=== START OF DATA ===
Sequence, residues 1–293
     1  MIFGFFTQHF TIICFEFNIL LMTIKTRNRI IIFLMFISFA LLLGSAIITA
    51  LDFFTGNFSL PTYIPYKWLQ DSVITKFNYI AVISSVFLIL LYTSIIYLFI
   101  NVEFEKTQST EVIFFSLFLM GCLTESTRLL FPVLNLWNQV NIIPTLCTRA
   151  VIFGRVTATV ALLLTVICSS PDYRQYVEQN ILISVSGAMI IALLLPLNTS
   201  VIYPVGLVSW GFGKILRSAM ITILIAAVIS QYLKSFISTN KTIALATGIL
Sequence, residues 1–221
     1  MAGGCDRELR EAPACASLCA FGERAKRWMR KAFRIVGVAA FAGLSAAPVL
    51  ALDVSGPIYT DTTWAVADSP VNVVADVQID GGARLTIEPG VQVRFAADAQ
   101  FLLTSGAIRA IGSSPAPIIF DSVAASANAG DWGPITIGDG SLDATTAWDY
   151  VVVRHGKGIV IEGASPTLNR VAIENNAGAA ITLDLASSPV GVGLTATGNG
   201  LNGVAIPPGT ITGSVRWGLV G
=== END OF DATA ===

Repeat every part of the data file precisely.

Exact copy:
Sequence, residues 1–293
     1  MIFGFFTQHF TIICFEFNIL LMTIKTRNRI IIFLMFISFA LLLGSAIITA
    51  LDFFTGNFSL PTYIPYKWLQ DSVITKFNYI AVISSVFLIL LYTSIIYLFI
   101  NVEFEKTQST EVIFFSLFLM GCLTESTRLL FPVLNLWNQV NIIPTLCTRA
   151  VIFGRVTATV ALLLTVICSS PDYRQYVEQN ILISVSGAMI IALLLPLNTS
   201  VIYPVGLVSW GFGKILRSAM ITILIAAVIS QYLKSFISTN KTIALATGIL
Sequence, residues 1–221
     1  MAGGCDRELR EAPACASLCA FGERAKRWMR KAFRIVGVAA FAGLSAAPVL
    51  ALDVSGPIYT DTTWAVADSP VNVVADVQID GGARLTIEPG VQVRFAADAQ
   101  FLLTSGAIRA IGSSPAPIIF DSVAASANAG DWGPITIGDG SLDATTAWDY
   151  VVVRHGKGIV IEGASPTLNR VAIENNAGAA ITLDLASSPV GVGLTATGNG
   201  LNGVAIPPGT ITGSVRWGLV G